Thursday, October 29, 2009

Curious Swift Boat Article about Cato Economist

If the United States had spent the last thirty years converting to alternative energy and maximizing energy efficiency, we would now be in excellent shape. But a majority of American voters in 1980 decided Ronald Reagan and his emphasis on deregulation and laissez faire economics were the answer to our problems.

Of course there were many contradictions in Reagan's policies. As an example, Reagan pretty much ignored enforcement of antitrust laws, which in turn dampened competition. As a result, we saw a feeding frenzy of mergers and monopolistic behavior in the 1980s. Needless to say, a number of companies "too big to fail" were created (though more of that came later).

Of course Reagan's policies could never change the fundamental fact that America's oil reserves are finite. Despite a boost from Alaska's North Slope, oil production in the United States continued to fall and these days we now pay an onerous premium for foreign oil. Somehow it rarely gets mentioned that 99% of our taxes stay at home but the same can't be said of our payments to foreign oil producers.

Some Republicans who ought to know better suggest we ought to "drill, baby, drill." It's now 2009 and we have considerably less oil than in the early 1970s when our domestic oil output reached its maximum. We can't significantly reduce our payments to foreign oil producers by trying to increase our own oil production. Even if it were technically possible to increase our production significantly, that would simply delay for a few years a dramatic increase in payments to those same foreign oil companies.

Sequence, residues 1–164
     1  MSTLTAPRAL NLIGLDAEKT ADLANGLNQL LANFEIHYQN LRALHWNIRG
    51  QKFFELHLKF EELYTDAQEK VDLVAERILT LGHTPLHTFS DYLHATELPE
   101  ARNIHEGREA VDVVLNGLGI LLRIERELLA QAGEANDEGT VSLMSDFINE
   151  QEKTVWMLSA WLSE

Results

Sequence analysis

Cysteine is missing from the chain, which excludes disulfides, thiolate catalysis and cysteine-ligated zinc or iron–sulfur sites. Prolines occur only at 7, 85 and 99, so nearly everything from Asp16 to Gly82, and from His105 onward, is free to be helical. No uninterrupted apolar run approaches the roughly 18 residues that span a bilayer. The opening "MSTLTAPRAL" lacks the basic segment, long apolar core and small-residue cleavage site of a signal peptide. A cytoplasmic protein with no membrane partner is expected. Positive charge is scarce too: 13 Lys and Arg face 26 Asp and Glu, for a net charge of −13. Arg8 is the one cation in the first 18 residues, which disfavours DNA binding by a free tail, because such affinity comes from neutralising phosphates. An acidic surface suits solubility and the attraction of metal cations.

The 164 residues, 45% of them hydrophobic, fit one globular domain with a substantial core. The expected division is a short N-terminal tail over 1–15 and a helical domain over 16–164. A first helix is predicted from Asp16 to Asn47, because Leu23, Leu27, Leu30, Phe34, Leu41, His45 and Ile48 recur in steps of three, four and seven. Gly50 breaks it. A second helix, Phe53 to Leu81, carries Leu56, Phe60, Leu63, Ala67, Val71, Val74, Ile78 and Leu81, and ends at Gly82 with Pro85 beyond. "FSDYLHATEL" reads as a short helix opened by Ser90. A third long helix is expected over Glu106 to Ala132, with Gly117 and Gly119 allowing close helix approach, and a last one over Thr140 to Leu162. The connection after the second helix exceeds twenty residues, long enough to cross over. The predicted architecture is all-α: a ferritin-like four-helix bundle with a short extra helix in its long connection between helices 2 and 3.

The only way we can ensure our future energy security is to launch a massive number of solar and wind projects on a scale somewhat comparable to the number of planes and ships we built during World War II. We can certainly manage in ten to twenty years what we managed during five years of wartime.

It's pathetic that we insist on developing tar sands when most wind turbines now being manufactured provide far more energy on initial energy invested than do tar sands. Not only are Republicans insisting on extending the horse and buggy age, but the horse and buggies they're protecting are expensive. In fact, oil continues to have a double cost: the expensive cost we pay today, and the expensive cost we'll be paying in the years ahead to clean up the mess left behind.